Ashampoo Core Tuner

Ashampoo Core Tuner talks a good game -- but results aren't obvious

Ashampoo Core Tuner
  • Ashampoo Core Tuner
  • Ashampoo Core Tuner
  • Ashampoo Core Tuner
  • Expert Rating

    Not yet rated

Pros

  • The program behaved itself, there may have been a performance boost that simply wasn't measurable by the naked eye

Cons

  • No noticeable performance boost

Bottom Line

My guess is that during a normal workday, Core Tuner's performance benefits will never make up for the resources and CPU cycles utilised by the program sitting in the system tray.

Would you buy this?

  • Price

    $ 31.99 (AUD)

Ashampoo's Core Tuner promises to boost your multi-core PC's performance by tuning XP's or Vista's usage of multiple CPU cores for individual applications. Perhaps it does. There are inefficiencies in the way XP and Vista handle multiple CPUs, though this has been fixed in Windows 7. In appearance, Core Tuner has the aspects of a fancier version of Window's own Task Manager with a drop-down menu that allows you to set each applications priority to low, below normal, normal, above normal, or high. There's an auto-optimise option as well that lets Core Tuner do the thinking.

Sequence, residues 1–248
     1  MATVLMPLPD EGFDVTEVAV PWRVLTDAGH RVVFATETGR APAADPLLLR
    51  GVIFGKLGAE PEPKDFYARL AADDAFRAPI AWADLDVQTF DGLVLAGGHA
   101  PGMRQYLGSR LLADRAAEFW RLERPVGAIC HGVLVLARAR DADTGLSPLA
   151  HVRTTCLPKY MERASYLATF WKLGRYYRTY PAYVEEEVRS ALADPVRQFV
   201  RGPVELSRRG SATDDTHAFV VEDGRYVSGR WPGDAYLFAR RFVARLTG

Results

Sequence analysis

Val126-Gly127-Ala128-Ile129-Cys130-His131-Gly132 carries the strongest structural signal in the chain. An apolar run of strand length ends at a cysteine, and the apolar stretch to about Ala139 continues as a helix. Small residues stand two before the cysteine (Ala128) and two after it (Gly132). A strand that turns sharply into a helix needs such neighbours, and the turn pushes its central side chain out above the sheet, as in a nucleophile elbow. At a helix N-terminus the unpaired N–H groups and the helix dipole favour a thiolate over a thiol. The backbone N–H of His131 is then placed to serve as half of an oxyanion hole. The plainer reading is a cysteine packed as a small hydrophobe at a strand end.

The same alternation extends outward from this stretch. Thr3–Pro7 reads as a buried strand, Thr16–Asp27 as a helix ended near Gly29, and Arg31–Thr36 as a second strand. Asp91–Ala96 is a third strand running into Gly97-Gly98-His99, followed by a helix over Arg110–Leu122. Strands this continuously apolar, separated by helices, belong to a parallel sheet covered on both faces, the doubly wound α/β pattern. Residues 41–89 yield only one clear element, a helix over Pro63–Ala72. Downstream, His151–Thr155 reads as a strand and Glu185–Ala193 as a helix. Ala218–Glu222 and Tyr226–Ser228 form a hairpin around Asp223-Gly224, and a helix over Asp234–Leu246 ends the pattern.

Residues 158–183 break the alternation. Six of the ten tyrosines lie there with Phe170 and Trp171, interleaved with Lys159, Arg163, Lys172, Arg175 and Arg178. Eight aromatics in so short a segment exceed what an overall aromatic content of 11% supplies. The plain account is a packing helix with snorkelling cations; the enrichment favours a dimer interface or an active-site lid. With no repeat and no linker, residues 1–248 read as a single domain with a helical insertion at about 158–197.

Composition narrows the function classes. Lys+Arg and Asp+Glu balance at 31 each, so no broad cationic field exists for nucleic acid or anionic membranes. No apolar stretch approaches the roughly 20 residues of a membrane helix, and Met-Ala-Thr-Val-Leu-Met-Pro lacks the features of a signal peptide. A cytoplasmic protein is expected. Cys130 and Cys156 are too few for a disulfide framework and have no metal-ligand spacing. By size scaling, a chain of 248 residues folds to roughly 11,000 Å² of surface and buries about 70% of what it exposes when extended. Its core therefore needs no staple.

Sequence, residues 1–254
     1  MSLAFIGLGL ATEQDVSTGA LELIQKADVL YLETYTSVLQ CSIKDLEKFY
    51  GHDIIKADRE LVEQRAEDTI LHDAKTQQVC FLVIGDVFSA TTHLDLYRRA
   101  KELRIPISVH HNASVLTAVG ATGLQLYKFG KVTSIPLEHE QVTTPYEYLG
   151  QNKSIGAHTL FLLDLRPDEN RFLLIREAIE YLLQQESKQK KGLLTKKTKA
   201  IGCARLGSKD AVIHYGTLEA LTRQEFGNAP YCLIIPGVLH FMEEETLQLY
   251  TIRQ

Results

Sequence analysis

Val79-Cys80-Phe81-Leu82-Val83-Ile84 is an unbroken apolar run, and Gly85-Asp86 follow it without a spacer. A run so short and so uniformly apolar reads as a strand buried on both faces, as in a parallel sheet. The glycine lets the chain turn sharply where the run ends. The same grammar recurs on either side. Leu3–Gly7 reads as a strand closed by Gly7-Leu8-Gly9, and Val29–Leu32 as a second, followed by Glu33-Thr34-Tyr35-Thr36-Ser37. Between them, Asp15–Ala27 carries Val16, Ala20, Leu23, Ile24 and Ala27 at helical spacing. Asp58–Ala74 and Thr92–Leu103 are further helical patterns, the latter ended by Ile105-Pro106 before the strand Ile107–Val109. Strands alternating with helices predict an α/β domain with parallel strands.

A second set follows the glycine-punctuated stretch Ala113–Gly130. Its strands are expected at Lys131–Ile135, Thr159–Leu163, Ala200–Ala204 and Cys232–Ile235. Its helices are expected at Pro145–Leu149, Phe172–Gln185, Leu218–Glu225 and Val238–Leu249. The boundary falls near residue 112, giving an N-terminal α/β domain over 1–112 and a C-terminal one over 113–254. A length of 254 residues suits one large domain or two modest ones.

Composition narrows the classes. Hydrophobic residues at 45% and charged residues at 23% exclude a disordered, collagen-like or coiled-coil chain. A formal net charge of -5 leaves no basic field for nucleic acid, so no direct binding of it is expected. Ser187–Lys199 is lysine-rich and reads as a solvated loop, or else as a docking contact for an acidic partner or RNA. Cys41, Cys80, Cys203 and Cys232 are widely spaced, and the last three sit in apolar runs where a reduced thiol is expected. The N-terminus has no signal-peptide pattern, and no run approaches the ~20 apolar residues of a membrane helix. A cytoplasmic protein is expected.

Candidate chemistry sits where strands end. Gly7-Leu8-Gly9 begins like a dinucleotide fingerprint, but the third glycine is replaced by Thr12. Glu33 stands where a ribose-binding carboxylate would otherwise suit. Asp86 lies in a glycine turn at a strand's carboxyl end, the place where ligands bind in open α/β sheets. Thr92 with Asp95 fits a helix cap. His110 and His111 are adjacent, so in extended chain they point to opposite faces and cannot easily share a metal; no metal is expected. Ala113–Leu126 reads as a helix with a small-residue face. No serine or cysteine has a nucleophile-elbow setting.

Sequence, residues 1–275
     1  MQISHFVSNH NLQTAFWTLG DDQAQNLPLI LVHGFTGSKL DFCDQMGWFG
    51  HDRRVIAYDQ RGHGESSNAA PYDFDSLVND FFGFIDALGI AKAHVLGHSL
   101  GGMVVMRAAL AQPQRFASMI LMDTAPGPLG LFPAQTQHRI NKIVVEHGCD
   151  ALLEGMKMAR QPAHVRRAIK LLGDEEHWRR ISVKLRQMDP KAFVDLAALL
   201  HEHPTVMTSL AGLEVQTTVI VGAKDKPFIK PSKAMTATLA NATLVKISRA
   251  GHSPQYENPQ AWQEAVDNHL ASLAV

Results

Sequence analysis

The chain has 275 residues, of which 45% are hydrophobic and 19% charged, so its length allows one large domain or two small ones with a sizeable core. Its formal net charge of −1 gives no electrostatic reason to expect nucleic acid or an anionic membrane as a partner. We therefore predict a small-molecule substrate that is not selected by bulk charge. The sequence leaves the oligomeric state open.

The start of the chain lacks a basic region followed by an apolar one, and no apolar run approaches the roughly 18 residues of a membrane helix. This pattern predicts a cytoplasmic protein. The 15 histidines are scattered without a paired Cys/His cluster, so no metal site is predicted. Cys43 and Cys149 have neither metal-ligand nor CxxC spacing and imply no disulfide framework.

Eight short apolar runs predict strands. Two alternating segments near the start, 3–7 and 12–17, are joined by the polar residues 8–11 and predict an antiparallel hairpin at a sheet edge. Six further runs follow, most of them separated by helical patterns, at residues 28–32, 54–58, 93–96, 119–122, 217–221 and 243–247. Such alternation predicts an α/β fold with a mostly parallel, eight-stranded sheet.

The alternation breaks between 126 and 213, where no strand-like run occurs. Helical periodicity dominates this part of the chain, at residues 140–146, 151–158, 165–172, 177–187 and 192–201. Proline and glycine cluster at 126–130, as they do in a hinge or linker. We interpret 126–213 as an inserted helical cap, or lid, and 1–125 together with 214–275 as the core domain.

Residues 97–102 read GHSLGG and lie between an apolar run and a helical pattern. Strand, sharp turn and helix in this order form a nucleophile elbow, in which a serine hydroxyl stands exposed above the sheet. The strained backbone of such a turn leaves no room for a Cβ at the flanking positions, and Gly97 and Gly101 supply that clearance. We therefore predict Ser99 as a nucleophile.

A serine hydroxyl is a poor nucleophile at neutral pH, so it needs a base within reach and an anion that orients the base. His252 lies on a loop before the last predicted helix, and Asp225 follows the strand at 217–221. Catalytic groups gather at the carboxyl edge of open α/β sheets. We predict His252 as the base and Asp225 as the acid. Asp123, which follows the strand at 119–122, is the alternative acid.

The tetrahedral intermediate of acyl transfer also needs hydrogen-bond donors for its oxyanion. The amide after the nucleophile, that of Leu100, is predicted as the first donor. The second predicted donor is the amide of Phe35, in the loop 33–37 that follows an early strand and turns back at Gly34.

Bottom line, I was unable to spot any difference in performance in Word, Outlook, or any other application set to high priority on either my Intel Core 2 6600 or AMD Phenom II 9550 with Core Tuner. I was able to perform only subjective testing so there may have been a performance boost that simply wasn't measurable by the naked eye. That said, if you need a stopwatch to notice the difference, any improvement may be too minor to mention for standard PC use. My guess is that during a normal workday, Core Tuner's performance benefits will never make up for the resources and CPU cycles utilised by the program sitting in the system tray. That said, the program behaved itself, so there's nothing to stop you from benchmarking it yourself.

Caveat: You'll want to be careful downloading the Core Tuner free trial if you do so from Ashampoo's Web site. The Softonic site Ashampoo points you tempts you with $3 faster, always available download option--which is completely unnecessary. Plus, the page that comes up after you click on the free download button sports one of those advertising download buttons you might be fooled into clicking before the real download dialog appears. The whole process is disingenuous at best.

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